The Latest News On MS Research – July 21, 2016
Hello MCP family, how has your week been? Ours has been wonderful, and it was made even better by the new breakthroughs in MS research. From breakthroughs in understanding the causes of MS, to exciting new developments in therapies, here is our roundup of this weeks medical MS research.
Earlier this year, the FDA granted breakthrough status to a new drug being developed by Genentech called ocrelizumab. The drug has been developed to treat patients with primary progressive MS, a form of MS which been clinically overlooked in the development of new treatments. While progressive MS is its primary target, ocrelizumab has also been shown to be an effective treatment for relapsing MS as well.
A recent study suggests that increased inflammation in the hippocampal region of the brain could be contributing to higher rates of depression in people with multiple sclerosis. This is due to symptoms of MS stemming from abnormal responses from the immune system, which has also been associated with depression.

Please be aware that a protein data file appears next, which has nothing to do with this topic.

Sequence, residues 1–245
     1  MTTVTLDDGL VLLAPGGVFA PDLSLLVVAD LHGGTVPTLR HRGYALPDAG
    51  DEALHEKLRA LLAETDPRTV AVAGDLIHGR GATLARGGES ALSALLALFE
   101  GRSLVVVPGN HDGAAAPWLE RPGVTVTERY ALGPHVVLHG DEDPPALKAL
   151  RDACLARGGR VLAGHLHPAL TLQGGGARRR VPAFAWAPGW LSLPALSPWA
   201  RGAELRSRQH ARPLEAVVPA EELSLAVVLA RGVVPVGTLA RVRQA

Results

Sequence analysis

Scientists have long hypothesized that there was a connection between the bacteria found in the gut and autoimmune disorders, such as MS. However, such a suspicion has recently been confirmed when researchers from Brigham and Women's Hospital (BWH) found that people with MS have vastly different patterns of microorganisms living in their gut than people who do not have MS.
Medical research company Endece has recently received a patent in numerous countries for the development of a new product that could foster remyelination in people with multiple sclerosis, helping to prevent the progression of the disease. This product would especially focus on healing motor neuron damage, and could be administered alone, or in combination with other treatments.
A new drug, daclizumab, is being developed that could help to rebalance the body's immune system by increasing the production of 'killer cells' within the body. The drug, which is administered via monthly shot, has been shown to reduce the frequency of relapses in people with MS by 45% when compared the current standard therapy treatment.